Agave applanata cv. Creamy Spike


Agave parryi f. compacta variegata
Agave parryi cv. Cream Spike
Agave parryi cv. Merico Nishiki
Agave patonii f. marginata alba
Agave patonii cv. Hikitsusyote Nisiki
Agave patonii cv. Toyoushi
Agave patonii cv. Toyushi
Agave patoni f. variegata


Agave applanata cv. Creamy Spike is a cultivar of Agave applanata, which is native to Mexico and the southwestern United States. The natural habitat of Agave applanata includes rocky hillsides and canyons, as well as dry scrublands and deserts. It is adapted to survive in hot, arid regions with little rainfall, and it is able to store water in its leaves to survive long periods of drought.

The origin of Agave applanata cv. Creamy Spike is uncertain, but it is believed to be of garden origin. It was first discovered by a nurseryman named Randy Baldwin at San Marcos Growers in Santa Barbara, California, in the 1980s. According to Baldwin, the plant was received from Japan by Rick Nowakowski at Nature’s Curiosity Shop, but the original source of the form remains a mystery.

It is important to note that the cultivar Agave applanata cv. Creamy Spike is a selected form that has been developed by horticulturists for its ornamental value. It is not found in the wild and it is not considered a threatened or endangered species. The plants are grown in nurseries and sold to gardeners and plant enthusiasts.



Agave applanata cv. Cream Spike is a unique and striking plant that is often used in container gardens. It is a dwarf, small growing variety of Agave applanata, with variegated leaves that are highly ornamental in appearance. However, it has long been misidentified as Agave patonii “variegata” in horticulture. This cultivar is highly dimorphic, meaning it changes shape as it matures. When young, it has a low-growing and almost flat form, but as it ages it develops into a rounded rosette with stiff, upright leaves. This cultivar is also known by several different names such as Agave patonii f. marginata alba or ‘alba marginata’, Agave patoni f. variegata , or with the Japanese names Agave parry cv. Merico Nishiki , or ‘Ohikitsusyote Nisiki’ or ‘Toyoushi’. Other names include: Agave minima ‘Variegata’. This cultivar is indeed quite variable, this may suggests that there is more than one clone in culture, however growing condition (exposition, water, soil, pot size, feeding etc.) and age of the plant, greatly influences the habit, colour and sizes of its leaves and spines. It is an acaulescent plant, meaning it does not have a visible stem. The juvenile form of this plant is in the form of rosettes, and it is larger than tall when young, usually only 10-12 cm tall by about 15-25 (or more) cm wide. As it matures, the rosettes become more compact and resemble giant artichokes, but the eventual size of the rosette is unknown, with the largest ones having reached 30-40 cm tall and about 60 cm in diameter. The leaves are essentially smooth, light blue-grey-green to olive green, very broadly oblong, quickly acuminate, openly concave (spoon-shaped), margined with cream coloured edges and with a stiffly erect-spreading; spine somewhat flexuous (becoming firm in mature specimen) , from purple-chestnut becoming dull grey-brown. The margins occasionally have a seasonal slight flush of red at the leaf tip and base. Marginal spines are well spaced. This cultivar only blooms when the plant is 20 years old or more. The flower stalk is up to 3 (or more) meters tall with small orange to yellow flowers. After blooming the plant dies, but it leaves behind offsets that grow into replacement plants.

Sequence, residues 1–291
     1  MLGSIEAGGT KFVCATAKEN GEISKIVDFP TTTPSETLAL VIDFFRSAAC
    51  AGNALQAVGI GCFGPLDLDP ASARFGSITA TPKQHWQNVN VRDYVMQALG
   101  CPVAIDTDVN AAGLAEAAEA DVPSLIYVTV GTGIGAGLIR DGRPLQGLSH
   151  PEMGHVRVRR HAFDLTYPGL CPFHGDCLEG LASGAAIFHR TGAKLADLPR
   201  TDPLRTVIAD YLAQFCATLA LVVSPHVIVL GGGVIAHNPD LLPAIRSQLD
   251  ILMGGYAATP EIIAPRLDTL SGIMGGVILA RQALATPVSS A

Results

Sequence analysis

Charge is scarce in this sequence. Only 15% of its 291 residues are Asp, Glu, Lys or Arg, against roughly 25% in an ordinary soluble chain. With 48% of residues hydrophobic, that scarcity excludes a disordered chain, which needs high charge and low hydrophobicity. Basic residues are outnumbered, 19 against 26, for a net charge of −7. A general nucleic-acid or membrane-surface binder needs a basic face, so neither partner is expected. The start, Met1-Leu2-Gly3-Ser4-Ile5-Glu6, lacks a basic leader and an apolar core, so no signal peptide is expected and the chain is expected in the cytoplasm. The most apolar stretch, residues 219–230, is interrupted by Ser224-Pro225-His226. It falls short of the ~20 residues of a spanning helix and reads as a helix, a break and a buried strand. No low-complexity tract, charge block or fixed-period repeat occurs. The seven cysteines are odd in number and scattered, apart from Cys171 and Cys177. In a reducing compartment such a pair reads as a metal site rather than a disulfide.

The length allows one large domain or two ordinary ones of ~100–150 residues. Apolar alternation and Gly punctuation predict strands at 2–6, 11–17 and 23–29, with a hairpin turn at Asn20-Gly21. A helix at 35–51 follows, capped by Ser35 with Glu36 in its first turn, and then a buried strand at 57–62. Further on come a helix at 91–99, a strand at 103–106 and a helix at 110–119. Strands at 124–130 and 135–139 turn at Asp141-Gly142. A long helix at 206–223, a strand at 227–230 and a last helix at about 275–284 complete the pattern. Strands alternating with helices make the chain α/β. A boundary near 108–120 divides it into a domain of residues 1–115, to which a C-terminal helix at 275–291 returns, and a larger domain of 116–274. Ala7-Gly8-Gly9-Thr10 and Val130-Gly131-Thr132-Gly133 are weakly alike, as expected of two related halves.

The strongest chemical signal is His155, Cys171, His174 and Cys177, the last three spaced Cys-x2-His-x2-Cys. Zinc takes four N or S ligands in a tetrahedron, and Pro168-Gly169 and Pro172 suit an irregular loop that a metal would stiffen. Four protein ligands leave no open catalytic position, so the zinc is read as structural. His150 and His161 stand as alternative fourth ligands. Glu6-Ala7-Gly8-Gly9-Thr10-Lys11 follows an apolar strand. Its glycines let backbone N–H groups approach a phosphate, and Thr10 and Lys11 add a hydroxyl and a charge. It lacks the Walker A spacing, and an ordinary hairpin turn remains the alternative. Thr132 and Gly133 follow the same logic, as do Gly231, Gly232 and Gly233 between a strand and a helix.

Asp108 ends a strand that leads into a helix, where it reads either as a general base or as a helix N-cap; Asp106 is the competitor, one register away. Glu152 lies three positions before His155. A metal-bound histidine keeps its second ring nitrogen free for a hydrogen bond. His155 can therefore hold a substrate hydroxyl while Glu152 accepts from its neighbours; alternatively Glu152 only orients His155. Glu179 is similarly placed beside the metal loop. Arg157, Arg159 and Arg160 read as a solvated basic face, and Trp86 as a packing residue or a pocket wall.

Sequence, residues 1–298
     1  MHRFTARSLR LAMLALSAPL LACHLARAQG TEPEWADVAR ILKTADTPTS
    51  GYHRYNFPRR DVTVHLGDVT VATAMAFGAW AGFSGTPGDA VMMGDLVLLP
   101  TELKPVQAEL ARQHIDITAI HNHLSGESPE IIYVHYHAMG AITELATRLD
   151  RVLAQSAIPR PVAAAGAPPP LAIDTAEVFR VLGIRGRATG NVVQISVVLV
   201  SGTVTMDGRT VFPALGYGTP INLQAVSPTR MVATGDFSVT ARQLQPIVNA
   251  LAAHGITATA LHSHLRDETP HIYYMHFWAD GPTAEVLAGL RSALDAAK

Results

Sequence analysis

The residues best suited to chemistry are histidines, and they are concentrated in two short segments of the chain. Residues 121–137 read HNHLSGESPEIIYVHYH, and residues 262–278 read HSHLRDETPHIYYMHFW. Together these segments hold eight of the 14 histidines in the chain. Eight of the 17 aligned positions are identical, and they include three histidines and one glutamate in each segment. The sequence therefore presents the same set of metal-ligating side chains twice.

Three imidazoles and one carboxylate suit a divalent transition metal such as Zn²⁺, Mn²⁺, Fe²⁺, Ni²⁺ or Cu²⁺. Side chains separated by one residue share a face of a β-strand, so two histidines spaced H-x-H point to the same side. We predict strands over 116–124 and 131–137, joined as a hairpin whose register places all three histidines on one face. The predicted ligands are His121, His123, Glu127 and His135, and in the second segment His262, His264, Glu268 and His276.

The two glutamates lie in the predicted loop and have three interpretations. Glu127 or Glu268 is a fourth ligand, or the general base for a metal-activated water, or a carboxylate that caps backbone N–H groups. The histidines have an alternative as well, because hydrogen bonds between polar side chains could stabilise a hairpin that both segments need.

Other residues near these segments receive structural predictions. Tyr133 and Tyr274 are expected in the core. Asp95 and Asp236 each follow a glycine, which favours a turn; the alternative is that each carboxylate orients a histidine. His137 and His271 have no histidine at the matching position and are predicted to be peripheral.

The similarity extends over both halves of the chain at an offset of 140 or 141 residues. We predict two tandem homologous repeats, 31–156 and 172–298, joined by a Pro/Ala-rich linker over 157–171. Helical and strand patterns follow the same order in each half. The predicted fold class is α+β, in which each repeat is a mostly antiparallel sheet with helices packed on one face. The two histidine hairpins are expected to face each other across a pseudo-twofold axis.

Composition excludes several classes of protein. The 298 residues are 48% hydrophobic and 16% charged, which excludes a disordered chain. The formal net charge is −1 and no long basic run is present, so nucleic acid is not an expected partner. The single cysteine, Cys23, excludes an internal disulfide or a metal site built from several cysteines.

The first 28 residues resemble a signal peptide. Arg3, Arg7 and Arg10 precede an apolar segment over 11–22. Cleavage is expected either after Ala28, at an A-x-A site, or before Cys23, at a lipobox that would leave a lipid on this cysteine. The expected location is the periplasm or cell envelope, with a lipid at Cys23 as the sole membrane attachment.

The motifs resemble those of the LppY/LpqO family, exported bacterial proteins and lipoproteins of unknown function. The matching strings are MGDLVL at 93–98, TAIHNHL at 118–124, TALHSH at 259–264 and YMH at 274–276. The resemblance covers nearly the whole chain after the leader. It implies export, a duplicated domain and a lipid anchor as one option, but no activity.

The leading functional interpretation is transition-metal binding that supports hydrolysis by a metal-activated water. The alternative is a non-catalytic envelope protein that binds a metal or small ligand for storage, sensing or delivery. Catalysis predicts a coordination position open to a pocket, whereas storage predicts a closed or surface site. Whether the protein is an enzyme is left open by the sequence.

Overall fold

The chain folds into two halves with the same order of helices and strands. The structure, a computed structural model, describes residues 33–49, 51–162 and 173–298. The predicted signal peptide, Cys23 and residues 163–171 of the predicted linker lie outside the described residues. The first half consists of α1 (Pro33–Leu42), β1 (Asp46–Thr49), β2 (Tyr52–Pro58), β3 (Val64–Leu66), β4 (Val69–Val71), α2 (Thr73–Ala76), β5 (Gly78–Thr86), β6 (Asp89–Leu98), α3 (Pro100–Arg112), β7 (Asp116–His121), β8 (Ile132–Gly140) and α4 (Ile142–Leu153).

The Agave applanata cv. Cream Spike is a beautiful plant for containers, known for its variegated leaves. It may grow slowly, but it’s worth the wait. When grown in a container, it can take a while to reach its full size. It’s important to plant it in soil with good drainage and to give it plenty of sun or a lightly shaded area, although it may prefer some shade in hot climates. Water it when the soil is dry, but be careful not to over-water as this can cause the leaves to rot. During the winter, it only needs to be watered once every 1-2 months. This plant is generally resistant to pests and diseases, however, watch out for rodents as they can damage the plant overnight. It’s also important to make sure the soil is not too wet as it can cause stem or root rot. This plant has proven to be hardy in temperatures as low as -7 to -8 C and can be grown in USDA zones 8b-11.


Propagating Agave applanata cv. Creamy Spike is relatively easy as it produces many offsets or “pups” which can be easily pulled and re-planted. The best time to remove these suckers is in the spring or summer, and it is recommended to let the cuttings dry for a few days before planting them in compost. However, one challenge that may arise during the propagation process is the logistics of getting to the suckers, as they are often located right next to or under the mother plant, and the spines can be very sharp. To overcome this, one may use protective gear like gloves or use tools to remove the suckers safely.


The cultivar Agave applanata cv. Creamy Spike gets its name from its unique variegated leaves that have creamy white edges, which makes it a striking specimen plant. This cultivar is highly versatile, it can be used in rock gardens, hanging pots, or as a focal point in a mixed border. Its small size makes it perfect for container gardening, it can be used as a centerpiece on a patio table, in a small terrace or balcony. It only blooms once in its lifetime, and after blooming, it dies. However, it produces offsets that will grow into new plants, ensuring the continuation of the species.

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